Many people want to have the informed choice whether to use products with natural oakmoss and other potential sensitizers, but to make an informed choice they need to understand the way a sensitizer works. You can use a product that contains oakmoss for years and then all of a sudden start reacting to it with itchy, red rashes. It takes cumulative exposure before your body becomes sensitized enough to start reacting, and you never know when that might start, if at all. I have not been sensitized to anything so I can’t offer personal experience (I’m very lucky not to have any skin, sinus, or headache issues with fragrance at all, at least so far).
I hear a lot of people say just to avoid products with oakmoss “if you are allergic to it” but this really isn’t accurate. By exposing yourself to moss over and over you can become sensitized to it and start having allergic reactions on your skin. One of the big questions is how many people will be sensitized and whether the numbers merit regulating the material. That question has to be answered by research and statistics, and the regulating bodies decided it is enough of a problem to set rules on oakmoss levels. Then the next big question is what level of the sensitizer is acceptable in the product, and I suspect researchers don’t really know how low to set it in many cases. However, now that we have a good treated natural oakmoss with low levels of the two main identified sensitizers, atranol and chloroatranol, it makes sense to switch to the new moss to prevent new people from becoming sensitized.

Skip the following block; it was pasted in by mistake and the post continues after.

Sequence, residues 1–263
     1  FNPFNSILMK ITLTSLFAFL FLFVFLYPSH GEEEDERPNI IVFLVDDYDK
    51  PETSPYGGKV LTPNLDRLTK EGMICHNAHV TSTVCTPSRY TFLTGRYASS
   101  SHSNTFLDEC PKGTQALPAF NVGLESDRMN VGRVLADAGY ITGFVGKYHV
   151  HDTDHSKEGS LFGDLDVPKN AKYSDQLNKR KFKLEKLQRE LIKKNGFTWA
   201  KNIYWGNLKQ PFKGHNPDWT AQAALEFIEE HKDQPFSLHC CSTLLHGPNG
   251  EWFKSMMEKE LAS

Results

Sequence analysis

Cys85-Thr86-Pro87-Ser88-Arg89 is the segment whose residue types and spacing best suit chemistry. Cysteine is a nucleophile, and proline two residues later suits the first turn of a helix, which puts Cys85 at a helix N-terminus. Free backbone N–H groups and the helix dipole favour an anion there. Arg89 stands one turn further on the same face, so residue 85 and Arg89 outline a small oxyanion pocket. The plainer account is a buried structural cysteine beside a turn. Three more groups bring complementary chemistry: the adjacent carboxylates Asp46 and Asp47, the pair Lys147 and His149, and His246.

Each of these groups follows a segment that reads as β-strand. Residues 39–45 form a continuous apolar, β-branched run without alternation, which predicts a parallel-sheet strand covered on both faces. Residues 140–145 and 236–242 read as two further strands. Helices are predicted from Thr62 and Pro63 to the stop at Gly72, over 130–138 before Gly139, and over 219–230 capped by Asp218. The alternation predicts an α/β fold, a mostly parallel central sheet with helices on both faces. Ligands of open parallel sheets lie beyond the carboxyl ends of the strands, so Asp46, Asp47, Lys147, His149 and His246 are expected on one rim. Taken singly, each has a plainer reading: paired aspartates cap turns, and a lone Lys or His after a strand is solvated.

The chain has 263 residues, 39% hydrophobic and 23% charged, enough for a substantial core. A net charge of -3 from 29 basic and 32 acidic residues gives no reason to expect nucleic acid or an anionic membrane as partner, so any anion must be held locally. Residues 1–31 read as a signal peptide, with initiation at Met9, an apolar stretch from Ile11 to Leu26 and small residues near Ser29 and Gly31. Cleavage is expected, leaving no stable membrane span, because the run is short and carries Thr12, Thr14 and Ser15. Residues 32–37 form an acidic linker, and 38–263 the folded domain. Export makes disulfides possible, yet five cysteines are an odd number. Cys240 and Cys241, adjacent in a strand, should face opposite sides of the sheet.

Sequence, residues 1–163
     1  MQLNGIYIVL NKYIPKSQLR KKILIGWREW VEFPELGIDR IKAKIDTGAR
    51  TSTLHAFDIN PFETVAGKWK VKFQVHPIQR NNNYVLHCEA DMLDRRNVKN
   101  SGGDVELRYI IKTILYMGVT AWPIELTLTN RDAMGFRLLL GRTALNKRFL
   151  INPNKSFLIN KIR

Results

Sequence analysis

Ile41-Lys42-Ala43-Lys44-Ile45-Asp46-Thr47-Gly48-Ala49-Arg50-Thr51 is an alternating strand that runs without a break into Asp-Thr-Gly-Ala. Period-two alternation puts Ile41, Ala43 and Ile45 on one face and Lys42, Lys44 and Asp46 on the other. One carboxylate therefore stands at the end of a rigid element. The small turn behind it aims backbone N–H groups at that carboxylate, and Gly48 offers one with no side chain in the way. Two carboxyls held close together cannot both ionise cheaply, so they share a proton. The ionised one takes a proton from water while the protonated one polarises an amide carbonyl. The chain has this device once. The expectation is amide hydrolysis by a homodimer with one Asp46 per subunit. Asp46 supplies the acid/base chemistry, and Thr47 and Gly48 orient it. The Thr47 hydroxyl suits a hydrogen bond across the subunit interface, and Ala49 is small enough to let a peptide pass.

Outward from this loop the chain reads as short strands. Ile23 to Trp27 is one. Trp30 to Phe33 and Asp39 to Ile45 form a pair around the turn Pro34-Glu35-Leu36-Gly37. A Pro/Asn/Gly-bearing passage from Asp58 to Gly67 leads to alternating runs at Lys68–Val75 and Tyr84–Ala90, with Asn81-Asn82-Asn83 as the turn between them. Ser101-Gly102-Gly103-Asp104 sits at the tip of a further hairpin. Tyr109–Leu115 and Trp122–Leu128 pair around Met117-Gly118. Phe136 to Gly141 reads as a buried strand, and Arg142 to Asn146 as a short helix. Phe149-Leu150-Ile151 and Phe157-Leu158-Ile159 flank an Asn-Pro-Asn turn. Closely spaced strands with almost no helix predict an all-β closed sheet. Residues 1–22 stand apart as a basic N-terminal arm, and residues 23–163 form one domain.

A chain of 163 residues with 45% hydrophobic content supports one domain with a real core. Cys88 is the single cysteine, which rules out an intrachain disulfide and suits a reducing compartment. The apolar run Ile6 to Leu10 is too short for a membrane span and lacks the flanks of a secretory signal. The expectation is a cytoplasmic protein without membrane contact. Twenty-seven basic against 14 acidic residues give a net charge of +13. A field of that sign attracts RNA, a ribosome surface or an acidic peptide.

For people to make informed choices, they need the information. A significant portion of fragrance collectors don’t understand how a sensitizer works, and the general public is probably more in the dark. All this talk about the issue should at least help people understand more about what sensitization involves.
Edited to add: I think consumers can make their own choices as long as the information gets to them. I hate to see fragrance labels looking like drug labels, but we may need to use more extensive and informative product labeling in order to leave as many choices up to the consumer as is possible. In the case of oakmoss though, the new natural moss product with low allergen levels really seems to make sense.